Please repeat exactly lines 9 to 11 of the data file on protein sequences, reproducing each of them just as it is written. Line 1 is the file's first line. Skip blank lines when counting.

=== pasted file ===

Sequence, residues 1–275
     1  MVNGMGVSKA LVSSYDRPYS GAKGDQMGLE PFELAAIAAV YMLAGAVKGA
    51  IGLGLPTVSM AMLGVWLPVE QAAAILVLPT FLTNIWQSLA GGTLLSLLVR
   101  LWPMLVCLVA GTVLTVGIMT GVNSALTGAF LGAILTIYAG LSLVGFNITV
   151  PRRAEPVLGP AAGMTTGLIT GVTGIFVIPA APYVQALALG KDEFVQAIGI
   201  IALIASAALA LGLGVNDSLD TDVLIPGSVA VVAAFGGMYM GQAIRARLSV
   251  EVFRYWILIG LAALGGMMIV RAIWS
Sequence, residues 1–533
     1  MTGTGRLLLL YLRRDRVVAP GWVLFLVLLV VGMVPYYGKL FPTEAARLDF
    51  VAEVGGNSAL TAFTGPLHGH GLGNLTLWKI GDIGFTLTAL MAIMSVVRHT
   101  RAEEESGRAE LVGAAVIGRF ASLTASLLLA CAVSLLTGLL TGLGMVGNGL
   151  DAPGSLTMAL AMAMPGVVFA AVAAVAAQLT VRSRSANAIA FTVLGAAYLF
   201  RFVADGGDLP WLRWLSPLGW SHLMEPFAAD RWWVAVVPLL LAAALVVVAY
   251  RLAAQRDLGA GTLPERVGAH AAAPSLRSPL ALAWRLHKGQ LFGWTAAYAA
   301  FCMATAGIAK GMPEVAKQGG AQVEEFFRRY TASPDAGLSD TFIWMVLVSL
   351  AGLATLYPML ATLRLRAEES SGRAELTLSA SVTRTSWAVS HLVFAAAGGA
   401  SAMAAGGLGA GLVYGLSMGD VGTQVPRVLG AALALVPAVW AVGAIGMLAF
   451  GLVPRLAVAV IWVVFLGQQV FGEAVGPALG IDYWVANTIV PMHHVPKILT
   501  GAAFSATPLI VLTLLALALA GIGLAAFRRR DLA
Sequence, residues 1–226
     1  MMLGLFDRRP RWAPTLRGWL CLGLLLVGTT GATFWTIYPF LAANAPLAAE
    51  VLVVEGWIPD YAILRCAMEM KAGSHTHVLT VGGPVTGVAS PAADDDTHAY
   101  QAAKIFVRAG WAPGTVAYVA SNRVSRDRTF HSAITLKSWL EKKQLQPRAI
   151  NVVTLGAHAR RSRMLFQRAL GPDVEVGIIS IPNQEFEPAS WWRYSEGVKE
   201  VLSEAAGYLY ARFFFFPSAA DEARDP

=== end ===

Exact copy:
     1  MTGTGRLLLL YLRRDRVVAP GWVLFLVLLV VGMVPYYGKL FPTEAARLDF
    51  VAEVGGNSAL TAFTGPLHGH GLGNLTLWKI GDIGFTLTAL MAIMSVVRHT
   101  RAEEESGRAE LVGAAVIGRF ASLTASLLLA CAVSLLTGLL TGLGMVGNGL